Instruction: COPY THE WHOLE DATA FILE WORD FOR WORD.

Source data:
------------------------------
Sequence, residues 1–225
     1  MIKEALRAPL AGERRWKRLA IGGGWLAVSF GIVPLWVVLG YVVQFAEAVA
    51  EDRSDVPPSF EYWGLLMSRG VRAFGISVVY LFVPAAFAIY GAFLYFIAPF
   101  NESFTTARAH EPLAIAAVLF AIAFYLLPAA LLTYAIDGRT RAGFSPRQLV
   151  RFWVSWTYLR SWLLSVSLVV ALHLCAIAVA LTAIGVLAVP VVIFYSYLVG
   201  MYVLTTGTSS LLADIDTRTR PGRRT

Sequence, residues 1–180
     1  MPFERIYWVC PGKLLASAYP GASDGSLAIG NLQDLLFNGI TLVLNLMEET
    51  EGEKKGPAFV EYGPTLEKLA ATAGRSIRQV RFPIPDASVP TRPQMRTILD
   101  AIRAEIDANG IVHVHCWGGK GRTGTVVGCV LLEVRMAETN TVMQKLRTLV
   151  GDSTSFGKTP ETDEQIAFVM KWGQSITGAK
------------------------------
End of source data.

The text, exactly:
Sequence, residues 1–225
     1  MIKEALRAPL AGERRWKRLA IGGGWLAVSF GIVPLWVVLG YVVQFAEAVA
    51  EDRSDVPPSF EYWGLLMSRG VRAFGISVVY LFVPAAFAIY GAFLYFIAPF
   101  NESFTTARAH EPLAIAAVLF AIAFYLLPAA LLTYAIDGRT RAGFSPRQLV
   151  RFWVSWTYLR SWLLSVSLVV ALHLCAIAVA LTAIGVLAVP VVIFYSYLVG
   201  MYVLTTGTSS LLADIDTRTR PGRRT

Sequence, residues 1–180
     1  MPFERIYWVC PGKLLASAYP GASDGSLAIG NLQDLLFNGI TLVLNLMEET
    51  EGEKKGPAFV EYGPTLEKLA ATAGRSIRQV RFPIPDASVP TRPQMRTILD
   101  AIRAEIDANG IVHVHCWGGK GRTGTVVGCV LLEVRMAETN TVMQKLRTLV
   151  GDSTSFGKTP ETDEQIAFVM KWGQSITGAK